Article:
HUD Releases New Findings on Rent Reform Demonstration

Date Published: 
December 18th, 2019

Last month, HUD released a report on new findings from the Rent Reform Demonstration, a randomized control study examining the effects of new rent rules on families served by four PHAs. Approximately 6,600 families in the voucher program at the Lexington, Louisville, San Antonio, and D.C. Housing Authorities were randomly assigned to existing rent rules in the control group or to new rent rules in the treatment group. Conducted by MDRC, the report looks at a variety of outcomes just over two years of study enrollment and prior to the treatment group’s first recertification.

The demonstration tested several new rent rules including:

  • Triennial recertifications;
  • A new formula for calculating the total tenant payment (TTP) that eliminates all deductions, sets the TTP at 28 percent of the household’s gross income using 12-month retrospective income, ignores assets of less than $25,000, uses a streamlined utility allowance schedule, and establishes a minimum TTP of at least $50 a month; and
  • Safeguards for participants, including a six-month grace period TTP if anticipated income is lower than retrospective income by more than 10 percent, one interim recertification per year if income falls by more than 10 percent, and robust hardship protections.

Report findings include:

Earnings and Benefits - Among all four PHAs combined, the new policy did not improve labor market outcomes among household heads. Looking individually, the new rules modestly increased average labor earnings in Lexington and San Antonio, but not in Louisville or D.C.

Across all sites, there was no effect on TANF or SNAP receipt. Because benefit levels are tied to earnings, it is not surprising that there are no effects for these benefits given the lack of results for earnings.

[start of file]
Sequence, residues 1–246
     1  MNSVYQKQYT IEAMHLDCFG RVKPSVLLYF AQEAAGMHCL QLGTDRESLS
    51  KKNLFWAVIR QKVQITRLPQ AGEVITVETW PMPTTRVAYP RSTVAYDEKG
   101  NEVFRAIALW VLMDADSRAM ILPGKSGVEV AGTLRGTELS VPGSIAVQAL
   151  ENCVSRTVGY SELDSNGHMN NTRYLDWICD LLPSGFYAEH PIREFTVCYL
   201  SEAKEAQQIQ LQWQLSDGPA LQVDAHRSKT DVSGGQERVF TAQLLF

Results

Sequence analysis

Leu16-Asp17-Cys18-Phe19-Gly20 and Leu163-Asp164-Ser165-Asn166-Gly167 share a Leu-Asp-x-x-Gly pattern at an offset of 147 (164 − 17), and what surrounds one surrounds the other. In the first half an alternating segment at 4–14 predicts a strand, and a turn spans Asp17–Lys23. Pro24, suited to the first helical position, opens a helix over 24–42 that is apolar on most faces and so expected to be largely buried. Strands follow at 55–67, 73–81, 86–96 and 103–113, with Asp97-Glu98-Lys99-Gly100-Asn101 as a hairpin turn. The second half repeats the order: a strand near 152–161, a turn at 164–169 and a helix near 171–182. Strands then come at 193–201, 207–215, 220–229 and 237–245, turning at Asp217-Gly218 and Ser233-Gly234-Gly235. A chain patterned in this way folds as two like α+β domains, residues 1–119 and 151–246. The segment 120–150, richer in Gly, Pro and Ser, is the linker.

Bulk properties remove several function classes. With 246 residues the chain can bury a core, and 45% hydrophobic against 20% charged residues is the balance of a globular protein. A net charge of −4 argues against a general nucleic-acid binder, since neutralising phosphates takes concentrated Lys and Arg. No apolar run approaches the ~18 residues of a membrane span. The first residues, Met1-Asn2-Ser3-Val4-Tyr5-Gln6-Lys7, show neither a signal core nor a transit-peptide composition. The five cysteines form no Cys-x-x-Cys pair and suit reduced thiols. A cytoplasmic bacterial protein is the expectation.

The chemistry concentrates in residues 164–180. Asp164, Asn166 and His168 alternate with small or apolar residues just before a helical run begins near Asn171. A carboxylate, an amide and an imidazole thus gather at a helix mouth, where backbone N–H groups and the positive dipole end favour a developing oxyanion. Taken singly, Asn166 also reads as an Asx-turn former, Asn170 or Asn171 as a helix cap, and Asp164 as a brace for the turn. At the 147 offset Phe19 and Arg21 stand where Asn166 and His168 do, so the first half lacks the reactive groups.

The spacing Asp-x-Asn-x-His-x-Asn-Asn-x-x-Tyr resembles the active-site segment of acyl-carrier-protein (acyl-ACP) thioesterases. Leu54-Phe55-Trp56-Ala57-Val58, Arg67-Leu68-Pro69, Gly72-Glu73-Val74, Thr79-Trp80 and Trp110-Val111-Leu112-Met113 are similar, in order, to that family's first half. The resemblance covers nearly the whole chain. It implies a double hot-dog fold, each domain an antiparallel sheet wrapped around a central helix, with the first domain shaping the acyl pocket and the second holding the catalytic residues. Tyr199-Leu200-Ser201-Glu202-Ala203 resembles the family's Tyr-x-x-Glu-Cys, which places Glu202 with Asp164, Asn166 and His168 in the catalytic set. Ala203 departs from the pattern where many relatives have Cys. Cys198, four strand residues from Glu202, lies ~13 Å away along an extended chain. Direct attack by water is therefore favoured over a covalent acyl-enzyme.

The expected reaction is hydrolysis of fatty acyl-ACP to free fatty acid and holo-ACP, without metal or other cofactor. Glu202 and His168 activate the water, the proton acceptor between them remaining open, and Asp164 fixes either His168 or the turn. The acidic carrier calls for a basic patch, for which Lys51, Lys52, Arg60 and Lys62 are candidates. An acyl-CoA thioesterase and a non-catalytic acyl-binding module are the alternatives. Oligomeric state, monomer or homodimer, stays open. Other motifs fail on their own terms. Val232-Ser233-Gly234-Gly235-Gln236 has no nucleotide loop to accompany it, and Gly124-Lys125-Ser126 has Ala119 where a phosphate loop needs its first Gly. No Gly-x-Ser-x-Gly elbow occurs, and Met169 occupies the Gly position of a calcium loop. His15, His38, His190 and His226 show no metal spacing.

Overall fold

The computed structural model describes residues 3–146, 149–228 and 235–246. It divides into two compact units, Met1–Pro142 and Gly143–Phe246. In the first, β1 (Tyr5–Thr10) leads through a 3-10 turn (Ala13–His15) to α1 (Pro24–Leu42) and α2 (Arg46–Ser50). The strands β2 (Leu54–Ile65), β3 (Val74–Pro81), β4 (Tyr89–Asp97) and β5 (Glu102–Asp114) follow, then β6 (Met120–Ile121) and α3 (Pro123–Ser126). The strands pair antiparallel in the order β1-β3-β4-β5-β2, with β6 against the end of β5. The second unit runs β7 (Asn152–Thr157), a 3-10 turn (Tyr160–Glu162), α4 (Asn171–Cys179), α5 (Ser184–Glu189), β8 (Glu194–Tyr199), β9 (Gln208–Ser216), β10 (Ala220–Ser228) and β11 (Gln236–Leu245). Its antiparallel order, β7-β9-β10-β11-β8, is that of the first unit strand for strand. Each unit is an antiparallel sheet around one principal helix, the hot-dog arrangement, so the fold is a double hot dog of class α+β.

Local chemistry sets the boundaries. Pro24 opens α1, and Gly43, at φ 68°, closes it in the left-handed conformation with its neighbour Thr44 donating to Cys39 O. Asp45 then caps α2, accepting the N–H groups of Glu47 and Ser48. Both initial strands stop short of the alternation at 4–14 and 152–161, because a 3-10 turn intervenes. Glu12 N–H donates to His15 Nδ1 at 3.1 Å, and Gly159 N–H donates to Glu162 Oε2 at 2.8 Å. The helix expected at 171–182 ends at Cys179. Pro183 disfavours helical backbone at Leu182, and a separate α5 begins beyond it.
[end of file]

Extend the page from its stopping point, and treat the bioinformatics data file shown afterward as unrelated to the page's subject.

Housing - Families under the new rent rules paid less TTP on average than the control group and were less likely to exit the voucher program. The study team expected that shorter-term costs for housing subsidies would increase, as families would not complete a recertification (or rent increase) for three years. The next report on the demonstration will hopefully shed light on whether PHAs fully recouped those costs in increased subsidies once recertifications are completed and TTPs, at least for some families, increase.

Administrative Burden - A major goal of the study was to examine whether simplifying the rent calculation process would reduce PHA burden. While some savings was eaten up by the time required by PHA staff to determine retrospective income, which was challenging for some families, 72 percent of families under the new rent rules required at least one action by the PHA during the follow-up period, compared to 90 percent of the control group. These actions may include a variety of activities, such as processing changes to the household roster, income, or contract rent. Despite challenges with retrospective income, the study team found that the new rent rules reduced administrative burden overall.

In sum, this report finds some mixed evidence that the new rent reform rules reduce work disincentives and decrease administrative burden. Results related to earnings vary considerably by site, perhaps partially due to differences across PHAs in how the rent rules were implemented. For example, the PHAs had varying minimum rents, and D.C. had its participants on a biennial recertification schedule rather than triennial. A fourth report, to be released in 2021, will examine outcomes over a longer follow-up period that includes time after the triennial recertification, which may provide more insight into the inconclusive results on earnings impacts.


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